Source: Economic Times

The stance of the government is quite clear: all the talk about intent to rein in fuel subsidies was negated by just one sentence in the Fiscal Policy Strategy Statement, "With respect to rationalisation of petroleum subsidy, government has already decontrolled the pricing of petrol."


The fact that the petrol prices have not changed in Delhi since November, even as the crude basket price rises, speaks for itself. To take another example, for all the talk about encouraging foreign investment, the turnaround in tax laws has stunned the markets.


To make matters worse, the debate that should have focused on where our economy was headed was overtaken by drama caused by coalition politics. Not only are we deprived of any serious talk, credibility is so low that any positive reassurances for the future are now looked at sceptically.


Enough has been said, both within the government and from analysts, about structural problems plaguing our economy. As we have been saying for long now, the problems and their solutions are well known.


Yet, now we have an added issue: recognition of the structural deficit in the mindset of our policymakers and in governance. We are, therefore, stuck in a rut. Gone are the years when we spoke of achieving a double-digit growth path - we are now back to getting the basics in place: bijli, sadak and paani.


And still there is a lot of hope around that things will take a turn for the better sometime soon. The MSME Business Confidence Survey conducted by Indicus Analytics showed an overall brighter picture this quarter than it did last year at the same time.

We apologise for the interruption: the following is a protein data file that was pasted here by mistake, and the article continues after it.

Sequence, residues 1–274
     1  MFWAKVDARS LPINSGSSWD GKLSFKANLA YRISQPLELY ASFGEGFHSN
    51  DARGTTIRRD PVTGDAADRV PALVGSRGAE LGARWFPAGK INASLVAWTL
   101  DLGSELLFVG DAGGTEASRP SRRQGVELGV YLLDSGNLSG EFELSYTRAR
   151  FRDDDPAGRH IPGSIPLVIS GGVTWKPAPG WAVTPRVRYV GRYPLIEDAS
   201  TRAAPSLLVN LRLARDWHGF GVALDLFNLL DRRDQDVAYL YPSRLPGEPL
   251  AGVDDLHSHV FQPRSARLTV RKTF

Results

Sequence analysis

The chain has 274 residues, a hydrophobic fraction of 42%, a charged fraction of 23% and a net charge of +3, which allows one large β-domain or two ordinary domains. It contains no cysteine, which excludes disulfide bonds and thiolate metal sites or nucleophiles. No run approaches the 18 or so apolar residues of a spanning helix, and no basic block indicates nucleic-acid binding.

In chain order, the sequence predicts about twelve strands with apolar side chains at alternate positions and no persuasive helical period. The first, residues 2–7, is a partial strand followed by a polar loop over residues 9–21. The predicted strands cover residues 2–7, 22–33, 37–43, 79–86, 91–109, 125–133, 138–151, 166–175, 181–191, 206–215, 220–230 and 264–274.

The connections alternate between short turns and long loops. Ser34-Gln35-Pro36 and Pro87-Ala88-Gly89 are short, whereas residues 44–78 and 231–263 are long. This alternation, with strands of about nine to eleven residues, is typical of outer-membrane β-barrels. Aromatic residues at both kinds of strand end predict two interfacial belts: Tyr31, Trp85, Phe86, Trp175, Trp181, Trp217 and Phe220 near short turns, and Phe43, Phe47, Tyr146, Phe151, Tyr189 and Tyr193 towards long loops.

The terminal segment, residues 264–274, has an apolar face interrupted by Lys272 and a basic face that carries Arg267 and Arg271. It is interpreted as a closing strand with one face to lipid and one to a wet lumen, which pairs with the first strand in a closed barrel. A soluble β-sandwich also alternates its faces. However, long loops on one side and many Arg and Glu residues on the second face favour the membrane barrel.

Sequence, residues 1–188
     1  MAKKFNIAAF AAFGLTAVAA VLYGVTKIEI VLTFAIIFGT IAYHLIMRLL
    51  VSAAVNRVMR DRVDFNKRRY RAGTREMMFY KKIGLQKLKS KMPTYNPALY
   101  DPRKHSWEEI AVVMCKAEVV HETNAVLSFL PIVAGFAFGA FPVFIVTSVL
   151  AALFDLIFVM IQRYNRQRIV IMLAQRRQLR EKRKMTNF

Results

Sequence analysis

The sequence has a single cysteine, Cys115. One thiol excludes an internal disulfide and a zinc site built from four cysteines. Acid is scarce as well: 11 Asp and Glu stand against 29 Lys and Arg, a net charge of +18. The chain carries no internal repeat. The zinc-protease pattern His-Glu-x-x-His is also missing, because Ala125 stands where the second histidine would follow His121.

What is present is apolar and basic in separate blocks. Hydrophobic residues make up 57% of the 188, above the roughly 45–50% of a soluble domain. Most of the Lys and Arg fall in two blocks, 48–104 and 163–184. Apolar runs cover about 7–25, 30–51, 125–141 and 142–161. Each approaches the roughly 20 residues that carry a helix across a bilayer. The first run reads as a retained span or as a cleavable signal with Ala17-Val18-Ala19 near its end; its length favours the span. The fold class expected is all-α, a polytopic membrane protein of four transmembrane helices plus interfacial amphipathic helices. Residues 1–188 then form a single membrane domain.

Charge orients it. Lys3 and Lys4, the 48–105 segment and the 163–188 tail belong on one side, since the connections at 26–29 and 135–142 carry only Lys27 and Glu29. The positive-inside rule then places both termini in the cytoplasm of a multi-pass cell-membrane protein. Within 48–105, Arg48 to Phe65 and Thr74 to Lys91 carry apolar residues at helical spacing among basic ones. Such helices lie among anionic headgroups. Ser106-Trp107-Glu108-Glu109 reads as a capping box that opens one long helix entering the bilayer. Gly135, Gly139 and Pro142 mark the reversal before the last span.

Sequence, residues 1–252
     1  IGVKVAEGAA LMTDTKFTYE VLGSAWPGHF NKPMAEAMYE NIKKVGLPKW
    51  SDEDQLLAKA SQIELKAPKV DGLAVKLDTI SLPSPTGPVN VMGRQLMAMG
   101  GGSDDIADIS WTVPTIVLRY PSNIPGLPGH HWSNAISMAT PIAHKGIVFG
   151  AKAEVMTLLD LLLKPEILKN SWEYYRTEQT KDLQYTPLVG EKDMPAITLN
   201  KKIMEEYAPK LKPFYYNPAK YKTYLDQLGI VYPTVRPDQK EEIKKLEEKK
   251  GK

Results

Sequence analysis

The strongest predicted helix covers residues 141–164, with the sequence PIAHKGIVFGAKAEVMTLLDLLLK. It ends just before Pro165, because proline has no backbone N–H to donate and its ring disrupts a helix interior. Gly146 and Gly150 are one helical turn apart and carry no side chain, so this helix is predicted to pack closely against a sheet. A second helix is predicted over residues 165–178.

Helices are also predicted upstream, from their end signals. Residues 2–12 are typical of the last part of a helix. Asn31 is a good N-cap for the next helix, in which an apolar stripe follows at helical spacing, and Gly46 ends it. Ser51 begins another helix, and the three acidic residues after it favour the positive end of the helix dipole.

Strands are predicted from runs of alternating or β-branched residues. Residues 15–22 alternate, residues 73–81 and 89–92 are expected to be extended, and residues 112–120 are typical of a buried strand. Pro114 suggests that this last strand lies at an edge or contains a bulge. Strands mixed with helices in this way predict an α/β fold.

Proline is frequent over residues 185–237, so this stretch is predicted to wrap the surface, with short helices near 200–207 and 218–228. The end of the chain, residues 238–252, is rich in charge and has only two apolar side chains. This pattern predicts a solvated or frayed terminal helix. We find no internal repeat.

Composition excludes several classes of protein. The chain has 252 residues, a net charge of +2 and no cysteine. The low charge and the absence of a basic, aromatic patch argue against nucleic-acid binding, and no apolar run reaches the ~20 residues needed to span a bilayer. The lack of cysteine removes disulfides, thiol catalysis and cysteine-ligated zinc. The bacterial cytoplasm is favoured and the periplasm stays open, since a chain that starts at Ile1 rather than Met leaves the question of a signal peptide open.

Official data will reflect better numbers than the past quarter, the IIP with all its volatility is trending up now: while the January number surprised all forecasters by turning in growth close to 7%, in February too, core sector output rose by 6.8%.


For all the twists and turns in the 'statistically bewildering' IIP, we can still say that there is a high probability that IIP growth will now move up into double digits by October.


The HSBC Markit Manufacturing PMI moved down marginally in March but the order book index is still expanding. This is also corroborated with anecdotal evidence from firms. In any case, going forward, the interest rate regime will favour this turnaround, as the RBI will take small calibrated steps downwards from this month's policy review.


The reason why the steps in the rate-cut cycle will be small and calibrated is that inflation hasn't been conquered yet. In fact, consumer price inflation just edged up in February, reversing a decline over the last four months. Fuel price adjustments remain a ticking bomb and, going ahead, as mentioned earlier, the high fiscal deficit and the low rupee will continue to feed pressures.


Meanwhile, under-recoveries registered sharp rises: according to the ministry of petroleum and natural gas' latest figures, the under-recovery on domestic LPG increased from Rs 439.50 in March to Rs 570.50 effective April 1.


Interestingly, if you want to see a brighter picture for sales, look into the countryside. Auto manufacturers are making a beeline for tier-II and III cities and tapping into the villages for higher sales. Electronics firms are also heading out, discovering new territories. Whether it is the effect of MGNREGA or higher land prices, it is now confirmed that rural consumers are less dependent on agriculture and have more disposable income.


These consumers do not depend on bank credit and are more comfortable with the cash economy, and there is a lot of cash going around. With urban Indians reeling under high food prices, higher rents, higher transport and education expenses, the rural story may look happier at the moment.


The problem is that a system that runs on transfers is bound to lose steam and unless the economy is put on a higher productivity path, inflationary pressures will persist. And that is where we are stuck.